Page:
Wake Forest University and the North Carolina Baptist Hospitals, Inc., have renamed the Medical Center “Wake Forest University-Baptist Medical Center” as part of an extensive realignment plan approved today by the university’s Board of Trustees. The hospital’s Board of Trustees had already approved the plan.
The two institutions that comprise the Medical Center will use their individual names for certain institution-specific purposes: the North Carolina Baptist Hospital and the Wake Forest University School of Medicine on the Bowman Gray Campus. Formerly, only the medical school carried the Bowman Gray name.
Medical Center officials said that the name changes reflect the growing need for widespread single-name recognition of the Medical Center and of the medical school as part of the university. Richard H. Dean, M.D., the university’s interim vice president for health affairs, said that the faculty support the change and “feel an important need to be identified with the greater university to facilitate the Medical Center’s recognition as one of the nation’s leading university-based academic health centers.” Dean will serve as Medical Center director.
Officials emphasized that the name changes are part of a major realignment plan designed to preserve and strengthen the Medical Center’s “core mission” of medical education, research, and patient care. The plan significantly increases support for education and research while also promoting the success and enhancing the competitiveness of the clinical program. Under the plan, most of the Medical Center’s clinical subsidiaries are consolidated within the structure of the hospital.
Major features of the plan include the creation of an expanded Medical Center Board of Directors that will oversee several aspects of the realignment, including a new initiative called Academic Excellence Programs, designed to help continue the development of the Medical Center as one of the top academic medical centers in the country. The Academic Excellence Programs will be funded through an endowment established by the hospital.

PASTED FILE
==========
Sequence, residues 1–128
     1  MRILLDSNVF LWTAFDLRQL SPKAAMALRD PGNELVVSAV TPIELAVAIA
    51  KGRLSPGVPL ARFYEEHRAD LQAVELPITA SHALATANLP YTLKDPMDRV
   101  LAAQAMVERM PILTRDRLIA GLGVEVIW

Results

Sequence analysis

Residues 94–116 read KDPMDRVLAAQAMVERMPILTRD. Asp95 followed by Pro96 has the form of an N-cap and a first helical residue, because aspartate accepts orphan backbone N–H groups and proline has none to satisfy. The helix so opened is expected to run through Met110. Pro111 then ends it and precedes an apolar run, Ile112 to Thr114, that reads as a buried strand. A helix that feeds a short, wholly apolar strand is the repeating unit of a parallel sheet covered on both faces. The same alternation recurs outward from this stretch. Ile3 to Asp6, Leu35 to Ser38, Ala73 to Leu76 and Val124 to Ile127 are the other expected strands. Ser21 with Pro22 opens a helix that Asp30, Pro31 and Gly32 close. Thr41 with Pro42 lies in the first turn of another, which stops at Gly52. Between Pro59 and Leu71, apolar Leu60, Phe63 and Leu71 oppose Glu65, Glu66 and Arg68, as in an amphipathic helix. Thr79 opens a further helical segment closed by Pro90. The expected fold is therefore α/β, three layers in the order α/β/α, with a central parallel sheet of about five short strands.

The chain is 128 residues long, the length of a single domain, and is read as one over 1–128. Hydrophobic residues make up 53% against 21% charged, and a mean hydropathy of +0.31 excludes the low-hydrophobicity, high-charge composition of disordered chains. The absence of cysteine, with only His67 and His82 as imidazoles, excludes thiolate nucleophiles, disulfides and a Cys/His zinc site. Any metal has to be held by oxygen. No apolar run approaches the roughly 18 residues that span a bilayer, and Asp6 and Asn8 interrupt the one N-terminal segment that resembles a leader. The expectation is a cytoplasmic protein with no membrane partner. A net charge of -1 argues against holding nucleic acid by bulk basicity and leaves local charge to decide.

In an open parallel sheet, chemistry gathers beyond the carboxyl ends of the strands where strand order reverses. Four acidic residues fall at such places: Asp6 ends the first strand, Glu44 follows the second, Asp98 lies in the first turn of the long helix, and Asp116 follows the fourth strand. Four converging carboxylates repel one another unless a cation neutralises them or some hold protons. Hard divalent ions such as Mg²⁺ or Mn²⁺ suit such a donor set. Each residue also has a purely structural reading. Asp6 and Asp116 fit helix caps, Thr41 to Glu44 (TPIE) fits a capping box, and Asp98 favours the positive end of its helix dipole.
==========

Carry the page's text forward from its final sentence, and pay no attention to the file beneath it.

Other features include the transfer of the medical school’s interest in several subsidiary operations to the hospital, a new affiliation agreement between the hospital, the medical school, and the faculty practice organization, and the alignment of economic incentives between them to enhance productivity, efficiency, and accountability.
Wake Forest president Thomas K. Hearn, Jr., said, “With this realignment, we are fortifying both the medical school and the hospital for the changing health care environment. Our aspirations for the medical school — to rise even higher in the upper echelons of academic medical centers — can only help the citizens of this community and our region.”
Len B. Preslar, Jr., president and chief executive officer of North Carolina Baptist Hospitals, Inc., will serve also as associate director of the Medical Center. “The challenge of academic medical centers across the country is to create a governance structure, leadership structure, and financial model which optimizes our core mission and improves the overall health status of the populations that we serve.